Since the Nyerere years, Tanzania has been in search of a new figure to lead the nation Might Kikwete be that person? Even though the country remains one of the world's poorest and is afflicted by misery and undermined by corruption, there are certain sectors that are helping to drive Tanzania forwards. Agriculture and tourism alone, for example, account for almost half of GDP.
What you will see during your trip to Tanzania will often be limited to superb scenery and wonderful, heavenly beaches. Away from all this, however, life for the population is less idyllic.
During your time in Tanzania, you will only hear politics discussed during the heated discussions the Tanzanians sometimes passionately get involved in. Because the debates take place in Swahili, it's highly likely that you won't be able to understand a thing.
Since the national hero Julius Nyere departed the political scene, Tanzania has struggled to find another charismatic leader. Jakaya Kikwete, who was elected for a term of five years in 2010, could perhaps be that person. We'll know after the elections planned for 2015 whether he will be continuing for a second term or will have to relinquish his position. Today, at least, apart from the question of the autonomy and independence of Zanzibar, Tanzania continues to enjoy relative political stability.
Without wanting to put too much of a damper on things, let's at least mention the negatives. Although the economy seems to be firmly on the up, Tanzania is still a very poor country. It is also very dependent on international aid, which accounts for 45% of its budget.
Agriculture, which represents a quarter of GDP, is Tanzania's flagship sector. Cashew nuts, coffee, cotton, sisal, tobacco, corn and sorghum are the main products produced and are exported in greater quantities than the rest of the country's riches. When you add to this Tanzania's 16 million head of cattle, any remaining doubts about the primary importance of the agricultural sector to the economy are quickly dispelled.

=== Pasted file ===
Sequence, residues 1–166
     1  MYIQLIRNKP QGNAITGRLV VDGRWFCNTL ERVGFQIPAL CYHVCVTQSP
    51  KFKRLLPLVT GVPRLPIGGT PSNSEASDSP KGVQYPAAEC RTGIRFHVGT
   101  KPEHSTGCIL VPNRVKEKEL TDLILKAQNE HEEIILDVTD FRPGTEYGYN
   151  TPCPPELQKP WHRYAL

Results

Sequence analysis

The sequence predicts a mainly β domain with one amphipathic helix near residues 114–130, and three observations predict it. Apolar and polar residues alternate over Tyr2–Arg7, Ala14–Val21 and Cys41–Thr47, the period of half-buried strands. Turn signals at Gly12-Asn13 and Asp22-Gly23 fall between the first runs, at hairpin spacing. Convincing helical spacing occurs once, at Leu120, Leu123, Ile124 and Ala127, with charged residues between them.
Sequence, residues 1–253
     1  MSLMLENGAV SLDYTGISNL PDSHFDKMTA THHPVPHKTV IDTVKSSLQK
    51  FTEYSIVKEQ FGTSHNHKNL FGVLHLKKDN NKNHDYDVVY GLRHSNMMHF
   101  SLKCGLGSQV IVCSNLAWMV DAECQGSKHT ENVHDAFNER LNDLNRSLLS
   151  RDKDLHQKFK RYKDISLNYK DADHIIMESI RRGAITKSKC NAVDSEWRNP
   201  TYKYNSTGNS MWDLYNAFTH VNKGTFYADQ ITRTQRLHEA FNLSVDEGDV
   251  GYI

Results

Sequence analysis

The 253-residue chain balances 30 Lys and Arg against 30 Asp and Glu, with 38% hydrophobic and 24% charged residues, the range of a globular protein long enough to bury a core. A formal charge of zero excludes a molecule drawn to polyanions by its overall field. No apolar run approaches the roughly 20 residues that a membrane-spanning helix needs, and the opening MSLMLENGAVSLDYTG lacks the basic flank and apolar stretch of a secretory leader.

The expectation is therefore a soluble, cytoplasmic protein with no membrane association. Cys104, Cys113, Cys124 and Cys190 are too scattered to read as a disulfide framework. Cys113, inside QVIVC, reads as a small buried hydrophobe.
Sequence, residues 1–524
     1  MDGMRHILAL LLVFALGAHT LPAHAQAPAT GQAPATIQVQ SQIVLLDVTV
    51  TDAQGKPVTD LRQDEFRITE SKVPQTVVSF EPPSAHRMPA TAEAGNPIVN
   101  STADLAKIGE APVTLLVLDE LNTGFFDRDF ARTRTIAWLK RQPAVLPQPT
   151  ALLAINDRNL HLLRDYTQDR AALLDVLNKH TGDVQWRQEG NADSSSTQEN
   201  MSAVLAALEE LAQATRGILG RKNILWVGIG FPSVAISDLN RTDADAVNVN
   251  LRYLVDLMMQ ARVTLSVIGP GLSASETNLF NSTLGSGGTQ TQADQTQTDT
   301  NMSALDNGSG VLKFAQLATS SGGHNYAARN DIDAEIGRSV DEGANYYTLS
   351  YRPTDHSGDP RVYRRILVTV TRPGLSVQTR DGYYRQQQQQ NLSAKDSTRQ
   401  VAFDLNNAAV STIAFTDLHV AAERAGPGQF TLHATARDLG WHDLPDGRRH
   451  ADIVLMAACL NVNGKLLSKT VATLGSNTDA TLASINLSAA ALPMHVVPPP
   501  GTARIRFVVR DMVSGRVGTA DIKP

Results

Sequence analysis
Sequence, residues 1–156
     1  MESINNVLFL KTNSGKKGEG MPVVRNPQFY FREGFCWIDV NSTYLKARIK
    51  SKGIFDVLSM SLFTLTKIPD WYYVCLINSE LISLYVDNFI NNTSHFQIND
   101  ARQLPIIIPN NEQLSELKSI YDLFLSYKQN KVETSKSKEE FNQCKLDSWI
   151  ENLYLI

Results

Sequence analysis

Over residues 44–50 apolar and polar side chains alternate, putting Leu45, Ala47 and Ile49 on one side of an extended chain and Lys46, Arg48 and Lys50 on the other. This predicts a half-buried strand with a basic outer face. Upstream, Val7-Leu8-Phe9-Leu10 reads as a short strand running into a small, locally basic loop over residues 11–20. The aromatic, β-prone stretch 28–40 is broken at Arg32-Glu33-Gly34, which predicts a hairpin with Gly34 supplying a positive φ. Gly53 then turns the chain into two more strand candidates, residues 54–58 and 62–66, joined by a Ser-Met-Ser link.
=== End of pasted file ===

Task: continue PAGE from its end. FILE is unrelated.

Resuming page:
Tanzania is also incredibly rich in mineral resources. As Africa's third biggest producer of gold, the country is attracting ever increasing numbers of foreign investors, who are also being lured by the nation's diamond and tanzanite resources.
The tourism sector is only slightly behind the agricultural sector and is currently experiencing strong growth. However, although Tanzania receives almost one million tourists per year, it is still a long way behind neighboring Kenya. Attention is particularly focused on the national parks.
To preserve these wild treasures and protect the country from mass tourism, Tanzania has opted to set prices high. Climbing Kilimanjaro or going on safari in the Serengeti or Ngorongoro works out significantly more expensive than visiting Amboseli or the Massai Mara in Kenya. By adopting this measure, Tanzania is hoping to keep tourist numbers under control and preserve the wild, untamed aspect of its nature.